UNPUBLISHED – The sound was so soft yet so deadly

A picture speaks a thousand words. At least that’s what they say if you are a creative writer like me. I met Lee Kirby and Chris Turner, two photographers and filmers from London, when they visited Brussels back in 2014 to report on the Byrrrh, a DIY skatepark my friends had built, for The Quarterly. It was a rather spontaneous collaboration with positive results for everyone. A short video and article followed and the Byrrrh is still alive and kicking today – albeit at a new and improved location.

Not long after their initial visit, Lee contacted me with a proposition to write some fiction based on a random selection of photos he had taken whilst in Brussels. The short story could be no longer than 1000 words with the possibility of being published by Gather.ly, a new creative platform based in London. The brief was quite simple:

Use the photographs we provide as a starting point for any story you wish. Poetry or prose, fiction or fact; the only restriction is
that your piece can’t be longer than 1,000 words. We want you to shape your story in your own unique style.

I was down to help and penned this story in one sitting. It can happen like that. I think Lee was expecting something different, probably linked to his recent visit and all the skating and parties he enjoyed. Instead he got this twisted tale of a war-scarred sniper. Oh well.

Even though we didn’t get published, it was a fun project. This is an example of my creative writing. If you have an image and need a thousand words, don’t hesitate to contact The Creative Righter!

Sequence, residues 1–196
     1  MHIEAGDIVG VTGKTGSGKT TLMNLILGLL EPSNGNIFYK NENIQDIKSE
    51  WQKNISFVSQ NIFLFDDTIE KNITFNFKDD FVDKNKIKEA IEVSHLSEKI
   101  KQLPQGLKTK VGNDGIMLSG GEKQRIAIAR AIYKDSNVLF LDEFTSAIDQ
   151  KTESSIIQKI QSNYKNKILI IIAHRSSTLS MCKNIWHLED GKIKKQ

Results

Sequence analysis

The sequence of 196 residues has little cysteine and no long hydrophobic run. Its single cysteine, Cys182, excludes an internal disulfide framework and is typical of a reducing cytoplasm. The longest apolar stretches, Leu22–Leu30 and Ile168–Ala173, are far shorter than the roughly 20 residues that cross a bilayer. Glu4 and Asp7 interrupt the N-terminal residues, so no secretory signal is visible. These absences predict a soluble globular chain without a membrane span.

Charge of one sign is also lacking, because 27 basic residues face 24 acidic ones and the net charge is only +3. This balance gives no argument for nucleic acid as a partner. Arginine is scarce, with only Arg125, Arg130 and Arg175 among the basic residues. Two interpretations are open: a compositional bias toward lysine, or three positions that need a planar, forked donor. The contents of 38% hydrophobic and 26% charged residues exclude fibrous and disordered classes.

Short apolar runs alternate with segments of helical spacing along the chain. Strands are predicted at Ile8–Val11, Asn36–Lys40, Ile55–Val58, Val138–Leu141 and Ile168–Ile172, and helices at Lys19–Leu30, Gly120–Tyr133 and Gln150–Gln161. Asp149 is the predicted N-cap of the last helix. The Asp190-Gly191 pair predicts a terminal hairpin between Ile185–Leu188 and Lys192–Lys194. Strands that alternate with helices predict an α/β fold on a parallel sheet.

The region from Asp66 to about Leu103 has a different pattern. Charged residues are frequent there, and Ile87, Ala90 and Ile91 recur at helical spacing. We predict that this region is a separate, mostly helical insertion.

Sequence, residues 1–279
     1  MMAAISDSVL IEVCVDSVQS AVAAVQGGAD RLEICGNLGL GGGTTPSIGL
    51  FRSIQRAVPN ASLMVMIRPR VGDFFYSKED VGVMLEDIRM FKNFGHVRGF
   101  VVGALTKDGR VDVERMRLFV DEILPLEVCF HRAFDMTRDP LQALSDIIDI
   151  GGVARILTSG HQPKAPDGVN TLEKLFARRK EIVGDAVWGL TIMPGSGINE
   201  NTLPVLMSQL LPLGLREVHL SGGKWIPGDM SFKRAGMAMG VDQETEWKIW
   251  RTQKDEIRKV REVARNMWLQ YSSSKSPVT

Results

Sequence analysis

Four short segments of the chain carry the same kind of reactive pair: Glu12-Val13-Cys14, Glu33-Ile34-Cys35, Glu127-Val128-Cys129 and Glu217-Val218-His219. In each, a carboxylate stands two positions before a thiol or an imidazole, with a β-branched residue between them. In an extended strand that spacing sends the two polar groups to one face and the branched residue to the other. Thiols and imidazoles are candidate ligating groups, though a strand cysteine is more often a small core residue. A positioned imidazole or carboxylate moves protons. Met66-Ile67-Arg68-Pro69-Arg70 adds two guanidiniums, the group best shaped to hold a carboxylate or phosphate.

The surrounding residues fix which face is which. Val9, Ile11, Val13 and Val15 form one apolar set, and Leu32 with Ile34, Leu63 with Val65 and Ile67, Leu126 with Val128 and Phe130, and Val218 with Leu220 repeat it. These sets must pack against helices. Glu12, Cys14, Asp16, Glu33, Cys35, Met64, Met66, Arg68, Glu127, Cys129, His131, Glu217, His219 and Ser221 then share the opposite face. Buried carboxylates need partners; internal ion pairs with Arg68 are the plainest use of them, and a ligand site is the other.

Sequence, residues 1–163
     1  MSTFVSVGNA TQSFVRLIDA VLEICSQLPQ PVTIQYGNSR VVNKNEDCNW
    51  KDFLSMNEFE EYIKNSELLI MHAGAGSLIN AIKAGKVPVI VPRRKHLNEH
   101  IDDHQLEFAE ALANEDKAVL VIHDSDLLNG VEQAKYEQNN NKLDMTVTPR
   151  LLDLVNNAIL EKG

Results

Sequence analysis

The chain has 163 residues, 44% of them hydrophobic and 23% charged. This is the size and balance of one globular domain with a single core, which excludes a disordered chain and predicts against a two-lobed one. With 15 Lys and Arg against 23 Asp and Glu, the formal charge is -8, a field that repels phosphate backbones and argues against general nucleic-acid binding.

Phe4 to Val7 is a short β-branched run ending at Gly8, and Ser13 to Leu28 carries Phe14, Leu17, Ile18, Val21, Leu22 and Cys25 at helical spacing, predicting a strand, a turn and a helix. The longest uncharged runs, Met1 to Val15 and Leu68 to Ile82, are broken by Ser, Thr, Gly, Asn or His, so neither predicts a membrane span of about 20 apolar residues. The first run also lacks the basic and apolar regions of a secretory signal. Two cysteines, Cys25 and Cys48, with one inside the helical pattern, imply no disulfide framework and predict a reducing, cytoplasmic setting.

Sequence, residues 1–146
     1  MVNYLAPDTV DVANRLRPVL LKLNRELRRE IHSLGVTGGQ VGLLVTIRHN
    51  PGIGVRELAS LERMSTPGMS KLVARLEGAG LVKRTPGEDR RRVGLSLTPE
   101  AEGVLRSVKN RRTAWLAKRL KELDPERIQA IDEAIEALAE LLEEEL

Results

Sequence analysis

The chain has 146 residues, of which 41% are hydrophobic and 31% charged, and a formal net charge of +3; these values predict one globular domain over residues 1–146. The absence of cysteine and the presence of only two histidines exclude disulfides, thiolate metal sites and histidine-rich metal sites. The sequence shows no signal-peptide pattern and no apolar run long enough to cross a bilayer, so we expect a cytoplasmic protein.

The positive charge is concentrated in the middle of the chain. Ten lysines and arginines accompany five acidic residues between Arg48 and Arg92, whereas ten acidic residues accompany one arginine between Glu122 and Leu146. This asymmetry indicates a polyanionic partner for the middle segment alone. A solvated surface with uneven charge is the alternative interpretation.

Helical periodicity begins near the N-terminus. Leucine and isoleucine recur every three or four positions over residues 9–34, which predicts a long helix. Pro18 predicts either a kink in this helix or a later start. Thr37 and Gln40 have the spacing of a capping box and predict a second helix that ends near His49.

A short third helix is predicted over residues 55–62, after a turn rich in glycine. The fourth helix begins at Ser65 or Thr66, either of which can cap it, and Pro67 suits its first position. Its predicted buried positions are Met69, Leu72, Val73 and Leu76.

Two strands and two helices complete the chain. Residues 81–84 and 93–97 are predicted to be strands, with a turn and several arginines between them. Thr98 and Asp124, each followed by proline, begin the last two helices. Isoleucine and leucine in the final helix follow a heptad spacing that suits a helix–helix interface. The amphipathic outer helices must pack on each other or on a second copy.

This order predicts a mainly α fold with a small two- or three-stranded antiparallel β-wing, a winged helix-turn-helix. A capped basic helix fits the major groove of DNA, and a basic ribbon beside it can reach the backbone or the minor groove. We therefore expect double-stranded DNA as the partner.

Gather.ly Pictures that tell a thousand words – Submission

The sound was so soft yet so deadly
14 October 2014

The charger clicked into place. The sound was soft yet so deadly. The old man’s hands gently stroked the long barrel of the rifle, caressing the smooth metal and warming the surface. He was allowed to keep his rifle as a token of gratitude and respect for saving and protecting his platoon as they pushed through the bush of Central Africa. He was the sniper, sent ahead away from the crowd to spy upon the enemy and pick off any potential targets that posed a threat. It was probably the loneliest position to play in a battle, but it was also one of the most important. The old man took pride in this fact.

Once the war was over, his brothers in arms embraced new lives and never looked back at the experience or lessons learnt from war. The squadron leader went on to run Belgium’s biggest food processing factory. The illuminated ZIEGLER sign(1) still lit up the skyline of Brussels’ Canal district like a shining testimony of leadership.

The old man had found it hard to disconnect from a life at war. He remembered his last days as a mercenary, entrenched in a smouldering building block looking out for his fellow soldiers as they approached the abandoned communications centre (2) of a beaten and banished enemy. The war was over but his mind was still at work looking for targets.

11:43 AM 14 September 2014 – Brussels – YMCA Hostel

Lee sits on the windowsill smoking a cigarette, watching Chris upload yesterday’s footage to the computer(3). Chris’s skateboard lies on his unmade bed(4).

Lee: Hurry up mate! I told Youssef we’d meet him half an hour ago.
Chris: Ease up Lee. We only woke up half an hour ago! Besides, we’re just next to the skate park anyway. You can probably spot him if you stick your head out of the window.(5)

Lee turns to blow smoke out of the narrow safety window and looks at the tall tower block(6) that dominates the horizon. He turns back to face Chris who is grinning.

Chris: Have you seen my mini fisheye lens? I can’t find it anywhere…